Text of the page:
Guv'nor

Pubs must strive to be better despite cost pressures

By Matt Slocombe

- Last updated on GMT

'Sense of opportunity': 'We all have opportunities within our business to make them better. It may be a simple coat of paint or getting the garden tidier' according to Matt Slocombe of the Crown Inn
'Sense of opportunity': 'We all have opportunities within our business to make them better. It may be a simple coat of paint or getting the garden tidier' according to Matt Slocombe of the Crown Inn
Whether freehold, leasehold, tenanted or managed, operators have to keep looking at ways to get better, says Matt Slocombe of the Crown Inn in Woolhope, Herefordshire - winner of the best cider pub at the John Smith's GBPA 2018

It is very hard to stay upbeat at the moment, wouldn’t you agree?

Pubs across the country are still closing at an alarming rate. A good friend who operates a successful leasehold for a large brewer has learned that 40% of its tenanted operations are in need of new operators. We have most definitely heard enough of the ‘B’ word and the continued frustration of not knowing when and if that will happen and indeed what effect that will have on the trade.

Despite the uncertainty in the air, I have picked up a real sense of opportunity too. A feeling among people that, despite the difficulties, they want to go out and meet their friends and have a pint or two or a decent roast beef meal. This year has seen sales increase by a couple of percentage points, it’s not much but it’s starting to go the right way. Customers seem to be venturing out more often too. I have always maintained that there is nothing better placed than a well-run pub to make people feel happier, that is what is needed at the moment; something to make us laugh and smile.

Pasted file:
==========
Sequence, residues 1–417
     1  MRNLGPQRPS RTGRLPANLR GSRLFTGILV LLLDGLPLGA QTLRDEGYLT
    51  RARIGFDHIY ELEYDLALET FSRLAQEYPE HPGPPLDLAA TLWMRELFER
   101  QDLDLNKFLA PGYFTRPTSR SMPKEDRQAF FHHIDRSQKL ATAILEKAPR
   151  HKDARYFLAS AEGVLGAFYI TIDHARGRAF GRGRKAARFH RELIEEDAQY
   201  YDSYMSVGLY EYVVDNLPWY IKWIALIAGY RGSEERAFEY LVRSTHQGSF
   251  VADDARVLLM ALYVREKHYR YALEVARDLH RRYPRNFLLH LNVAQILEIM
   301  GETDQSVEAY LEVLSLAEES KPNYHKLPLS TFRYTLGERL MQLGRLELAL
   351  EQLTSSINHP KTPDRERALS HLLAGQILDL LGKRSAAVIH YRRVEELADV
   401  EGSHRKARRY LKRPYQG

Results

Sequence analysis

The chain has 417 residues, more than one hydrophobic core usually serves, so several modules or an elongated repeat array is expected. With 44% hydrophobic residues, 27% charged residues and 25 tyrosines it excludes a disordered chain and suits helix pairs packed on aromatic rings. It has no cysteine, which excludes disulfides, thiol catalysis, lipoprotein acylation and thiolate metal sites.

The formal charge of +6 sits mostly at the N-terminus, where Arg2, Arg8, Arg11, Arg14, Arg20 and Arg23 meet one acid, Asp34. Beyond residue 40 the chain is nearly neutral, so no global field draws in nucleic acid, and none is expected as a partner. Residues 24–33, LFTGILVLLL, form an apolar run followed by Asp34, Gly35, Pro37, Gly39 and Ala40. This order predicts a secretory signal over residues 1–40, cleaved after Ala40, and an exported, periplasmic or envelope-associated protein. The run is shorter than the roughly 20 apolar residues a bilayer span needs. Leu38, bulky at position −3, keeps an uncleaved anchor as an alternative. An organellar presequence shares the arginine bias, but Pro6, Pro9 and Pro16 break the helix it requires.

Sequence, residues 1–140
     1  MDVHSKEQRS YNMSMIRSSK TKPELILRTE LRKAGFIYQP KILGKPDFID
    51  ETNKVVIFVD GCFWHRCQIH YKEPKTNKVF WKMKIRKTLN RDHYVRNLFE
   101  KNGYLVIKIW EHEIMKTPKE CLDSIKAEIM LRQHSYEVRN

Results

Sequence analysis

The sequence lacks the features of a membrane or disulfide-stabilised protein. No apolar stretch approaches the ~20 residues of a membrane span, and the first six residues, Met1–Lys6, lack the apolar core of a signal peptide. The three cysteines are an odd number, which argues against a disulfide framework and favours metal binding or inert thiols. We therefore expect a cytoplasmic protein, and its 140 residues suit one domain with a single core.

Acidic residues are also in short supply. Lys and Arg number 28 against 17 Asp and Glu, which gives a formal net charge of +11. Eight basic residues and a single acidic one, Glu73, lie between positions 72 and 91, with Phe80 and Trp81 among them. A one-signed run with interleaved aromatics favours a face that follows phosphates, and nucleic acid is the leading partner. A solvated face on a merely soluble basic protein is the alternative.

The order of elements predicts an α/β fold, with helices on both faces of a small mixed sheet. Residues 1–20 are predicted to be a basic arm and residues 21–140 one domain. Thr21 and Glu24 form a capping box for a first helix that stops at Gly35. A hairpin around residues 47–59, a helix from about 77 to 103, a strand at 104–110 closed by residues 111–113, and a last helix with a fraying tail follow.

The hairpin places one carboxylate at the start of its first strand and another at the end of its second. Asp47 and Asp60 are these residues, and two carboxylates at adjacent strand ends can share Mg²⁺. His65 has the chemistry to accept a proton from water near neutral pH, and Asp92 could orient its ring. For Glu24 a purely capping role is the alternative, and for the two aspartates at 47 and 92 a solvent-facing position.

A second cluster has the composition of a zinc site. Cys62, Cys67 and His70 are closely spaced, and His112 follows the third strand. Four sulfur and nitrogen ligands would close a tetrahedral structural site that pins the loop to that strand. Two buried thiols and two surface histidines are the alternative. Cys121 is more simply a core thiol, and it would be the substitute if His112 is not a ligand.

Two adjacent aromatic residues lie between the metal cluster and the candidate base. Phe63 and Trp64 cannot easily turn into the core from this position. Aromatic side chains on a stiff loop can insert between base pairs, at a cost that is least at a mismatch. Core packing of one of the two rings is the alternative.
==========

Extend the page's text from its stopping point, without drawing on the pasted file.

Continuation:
We all have opportunities within our business to make them better. It may be a simple coat of paint or getting the garden tidier. Whether you are freehold, leasehold, tenanted or managed, we have to keep looking at ways to get better.

This is especially relevant as our costs continue to rise. The new minimum wage will have a big impact to the bottom line, which is always pushed. Sometimes it can feel that even buying a tin of paint feels like too big an investment.

I am writing this article while visiting the Pheasant at J14 on the M4, the owner – Jack Greenall – is being very generous with his time and showing me his excellent pub and hotel. Jack has managed to blend an excellent food and drink offering with well appointed rooms, a classic country decor and attentive staff. This has appealed to locals, weary travellers from the motorway and nearby businesses and the horse training yards. The knack of appealing to all is a real skill. It is what makes British pubs so unique.

I am hoping to take the Crown forward in a similar vein by offering rooms and tailoring them to the local shooting and horse racing parties that visit Herefordshire and also to families wanting to explore our fabulous county. It will mean securing investment – worth a lot more than a tin of paint – but I am sure it is the way we need to go.

You meet all walks of life at the bar and a good operator will look after them as equals, keeping them all smiling and cheering them up. I think we can be optimistic about the future but you will have to keep smiling.

Related topics: Marketing

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